- If there is a idea which you think is great, but others disagree, don't kill it, test it.
Sunday, March 10, 2013
Though I know it is almost impossible to achieve perfectness (except in Street Fighter), it doesn’t means I didn’t try to make life perfect, or at least aiming to achieve something much better than the current state. I try to get better grades in school (did I?), change job in search of the better career, turn my life upside-down in realizing my dream, learning to live a meaningful life without regrets, etc.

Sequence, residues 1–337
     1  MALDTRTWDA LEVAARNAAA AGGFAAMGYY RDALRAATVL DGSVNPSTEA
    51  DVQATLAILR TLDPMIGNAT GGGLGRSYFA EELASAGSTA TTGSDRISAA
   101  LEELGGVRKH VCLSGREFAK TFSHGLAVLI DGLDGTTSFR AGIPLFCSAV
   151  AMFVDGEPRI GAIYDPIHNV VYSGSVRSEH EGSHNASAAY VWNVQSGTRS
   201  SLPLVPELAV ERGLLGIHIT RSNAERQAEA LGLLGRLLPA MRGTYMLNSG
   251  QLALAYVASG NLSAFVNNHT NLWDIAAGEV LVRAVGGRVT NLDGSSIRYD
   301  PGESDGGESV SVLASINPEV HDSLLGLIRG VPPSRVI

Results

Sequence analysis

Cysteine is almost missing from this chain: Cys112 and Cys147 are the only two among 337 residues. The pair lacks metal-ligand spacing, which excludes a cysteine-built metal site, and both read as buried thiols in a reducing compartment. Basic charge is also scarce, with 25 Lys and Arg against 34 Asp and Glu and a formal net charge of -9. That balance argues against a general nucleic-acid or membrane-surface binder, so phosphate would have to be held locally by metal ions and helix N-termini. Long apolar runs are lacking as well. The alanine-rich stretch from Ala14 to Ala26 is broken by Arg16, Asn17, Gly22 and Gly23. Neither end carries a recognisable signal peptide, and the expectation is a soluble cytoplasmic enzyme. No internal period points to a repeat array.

What happens when things didn’t get better, but getting worse? What if we stumbled upon some problems, which couldn’t be solved immediately, but might take years or the problem could never go away all together? This reminds me of Beautiful Mind: where John Nash couldn’t get rid of his imaginary friends, but realize the fact that his imaginary friends are not real.
As much as we desire only happiness in life, we also have to accept life does comes with certain dosage of uncertainty and challenges which crop up from times to times. Sometimes it just took some planning and effort to solve these challenges, and sometimes we get some stubborn challenges with no obvious solution in sight. Even though we manage to clear the level this time, something bigger and more badass might appear the next time around.